While the world as a whole may not yet know Orbital Insight, Orbital Insight certainly knows the world. Through analyzing millions of satellite images at a time, Orbital Insight has successfully revealed key socio-economic trends to influential companies, industry leaders and even government institutions.
Founded by James “Jimi” Crawford, an artificial intelligence researcher who previously built intelligent systems for NASA, Orbital Insight has proven to not only be revolutionary, but lucrative as well.
Part of Orbital Insight’s monumental success can be attributed to its key partnerships. Kevin O'Brien, the company’s CBO, took the time to chat with TechDay to discuss how choosing the right partners is paramount and what Orbital Insight has done to garner their most prominent partnerships.
Orbital Insight has garnered significant success in a relatively short amount of time. How, in general, can key partnerships be attributed to this?
Partnerships allow you to expand your capabilities beyond just your core competencies—for example, at Orbital Insight, we don’t build and launch satellites; instead, we partner with organizations that are experts in that field so that we get the best imagery possible to use for analysis, which is our real area of expertise. By partnering with various satellite providers, we can focus our efforts on the areas where we really excel, rather than being a jack-of-all-trades.
Choosing the right partners also means selecting the right investors and employees to work with. Finding people who can understand and share your vision will help move your company in the direction you want to take it in.
As different partners have a wide array of reasons to partner with Orbital Insight, how do you best explain to prospective companies how the partnership will be beneficial for both parties?
It depends on the partnership we’re looking at. For our satellite imagery provider partners, we’ve embraced a revenue share model that gives us access to their imagery in return for a percentage of our profits, rather than a pay-by-image system. This means that the more successful we are, the more they’ll benefit as well.
Obviously the same holds true for groups like investors and employees—the rising tide of the company’s success can buoy all boats, so to speak.
Specifically, how did Orbital Insight’s partnership with the World Bank come to be and how has this fostered achieving the goals of both institutions?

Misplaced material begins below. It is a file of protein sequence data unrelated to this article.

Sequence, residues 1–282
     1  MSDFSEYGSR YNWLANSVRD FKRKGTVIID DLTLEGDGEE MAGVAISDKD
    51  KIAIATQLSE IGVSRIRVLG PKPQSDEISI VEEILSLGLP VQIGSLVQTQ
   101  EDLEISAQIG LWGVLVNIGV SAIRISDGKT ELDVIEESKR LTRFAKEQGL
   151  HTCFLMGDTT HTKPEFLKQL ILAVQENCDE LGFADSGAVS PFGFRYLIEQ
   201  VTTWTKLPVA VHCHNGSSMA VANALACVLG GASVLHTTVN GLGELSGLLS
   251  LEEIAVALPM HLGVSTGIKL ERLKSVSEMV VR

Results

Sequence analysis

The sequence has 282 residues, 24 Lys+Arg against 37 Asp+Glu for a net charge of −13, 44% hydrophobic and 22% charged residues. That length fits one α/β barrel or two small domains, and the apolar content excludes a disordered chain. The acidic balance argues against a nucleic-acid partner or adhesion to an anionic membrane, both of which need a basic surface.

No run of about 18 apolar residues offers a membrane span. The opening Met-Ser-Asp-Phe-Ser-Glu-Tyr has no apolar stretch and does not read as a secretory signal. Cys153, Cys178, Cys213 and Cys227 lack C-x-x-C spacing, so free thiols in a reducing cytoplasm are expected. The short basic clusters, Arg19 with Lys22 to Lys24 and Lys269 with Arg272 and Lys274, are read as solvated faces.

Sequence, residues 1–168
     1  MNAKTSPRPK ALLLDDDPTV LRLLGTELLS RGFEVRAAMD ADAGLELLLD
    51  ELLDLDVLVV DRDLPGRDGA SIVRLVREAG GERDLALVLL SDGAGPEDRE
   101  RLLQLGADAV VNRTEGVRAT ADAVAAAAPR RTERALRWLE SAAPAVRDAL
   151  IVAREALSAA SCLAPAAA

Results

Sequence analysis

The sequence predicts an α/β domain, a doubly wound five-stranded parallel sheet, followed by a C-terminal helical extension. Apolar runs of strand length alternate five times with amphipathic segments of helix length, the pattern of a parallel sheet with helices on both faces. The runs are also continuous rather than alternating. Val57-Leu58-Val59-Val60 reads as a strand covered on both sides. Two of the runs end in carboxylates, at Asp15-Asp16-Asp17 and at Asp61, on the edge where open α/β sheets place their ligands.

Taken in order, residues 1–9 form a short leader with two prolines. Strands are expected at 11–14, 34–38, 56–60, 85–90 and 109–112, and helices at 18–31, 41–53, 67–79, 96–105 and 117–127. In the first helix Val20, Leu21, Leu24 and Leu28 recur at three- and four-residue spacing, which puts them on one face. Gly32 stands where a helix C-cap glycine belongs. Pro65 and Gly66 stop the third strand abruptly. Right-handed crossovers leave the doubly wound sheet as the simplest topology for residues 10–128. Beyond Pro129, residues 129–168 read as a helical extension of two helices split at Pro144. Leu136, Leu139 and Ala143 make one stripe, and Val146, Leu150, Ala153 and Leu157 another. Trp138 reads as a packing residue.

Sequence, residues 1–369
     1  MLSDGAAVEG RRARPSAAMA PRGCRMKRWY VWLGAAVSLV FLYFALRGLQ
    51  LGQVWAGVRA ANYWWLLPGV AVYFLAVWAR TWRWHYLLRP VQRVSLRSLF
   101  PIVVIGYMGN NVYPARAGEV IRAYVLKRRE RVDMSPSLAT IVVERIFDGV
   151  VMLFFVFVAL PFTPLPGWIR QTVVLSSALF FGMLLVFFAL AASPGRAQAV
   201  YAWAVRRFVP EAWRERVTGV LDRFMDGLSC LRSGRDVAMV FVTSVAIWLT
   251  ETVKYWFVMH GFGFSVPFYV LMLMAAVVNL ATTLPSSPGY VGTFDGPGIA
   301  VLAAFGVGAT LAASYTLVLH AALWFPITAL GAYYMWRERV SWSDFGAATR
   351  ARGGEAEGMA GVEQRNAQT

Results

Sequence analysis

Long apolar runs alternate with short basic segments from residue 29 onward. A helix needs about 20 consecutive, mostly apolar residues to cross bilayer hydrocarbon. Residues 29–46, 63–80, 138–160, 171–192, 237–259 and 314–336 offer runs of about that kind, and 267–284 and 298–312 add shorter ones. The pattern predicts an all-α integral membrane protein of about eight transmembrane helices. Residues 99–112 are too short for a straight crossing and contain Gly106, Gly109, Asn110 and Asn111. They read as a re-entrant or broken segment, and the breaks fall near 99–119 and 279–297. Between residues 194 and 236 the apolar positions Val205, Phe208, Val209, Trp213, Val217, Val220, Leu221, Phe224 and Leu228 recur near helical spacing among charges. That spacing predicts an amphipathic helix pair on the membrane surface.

The World Bank reached out to Orbital Insight initially to explore our capabilities. The partnership has been mutually beneficial—we’ve learned how to look for specific signals, like construction rates, car density, etc., that can help indicate an area’s poverty level. In turn, the World Bank has gained a new method of measuring poverty that’s much more efficient than sending aid workers into remote areas on foot.
Who are some of Orbital Insight’s other most prominent and impactful partners and how did these get going?
We also have partnerships with our various satellite imagery providers, which include DigitalGlobe, Planet, Airbus, and others. These partnerships are of course critical to our business—without the imagery, there would be nothing for our algorithms to analyze. Having diversity in these partnerships is also essential: the different satellite providers specialize in different areas or granularity of imagery, so it’s important that we have access to a broad range of imagery types.
We also have a partnership with the World Resources Institute, with whom we’ve worked on efforts like deforestation tracking. We believe our technology has broad implications and applications, so we think it’s important to partner with many different types of organizations to maximize the technology’s full potential.
What would you say to early stage startup founders regarding the importance of choosing the right partner and advice on seeking them out?
It’s important to choose partners who have expertise in their respective areas and who can understand and share your vision. Having just one or the other isn’t a recipe for success—you either have motivated individuals who are unable to contribute real value, or experts in their fields who can’t see the bigger picture of your direction, neither of which are ideal.
What new innovations can we expect to see from Orbital Insight in the near future?
We recently announced our new China Oil product, which allows us to estimate in real time the amount of oil China is storing above ground. In the future, we’d like to expand on this offering, in addition to embracing new “signals”—or things to measure—to gain insights into other areas. Some examples of signals we can already track include cars in retail parking lots, freshwater reserves, and deforestation in the world’s rainforests.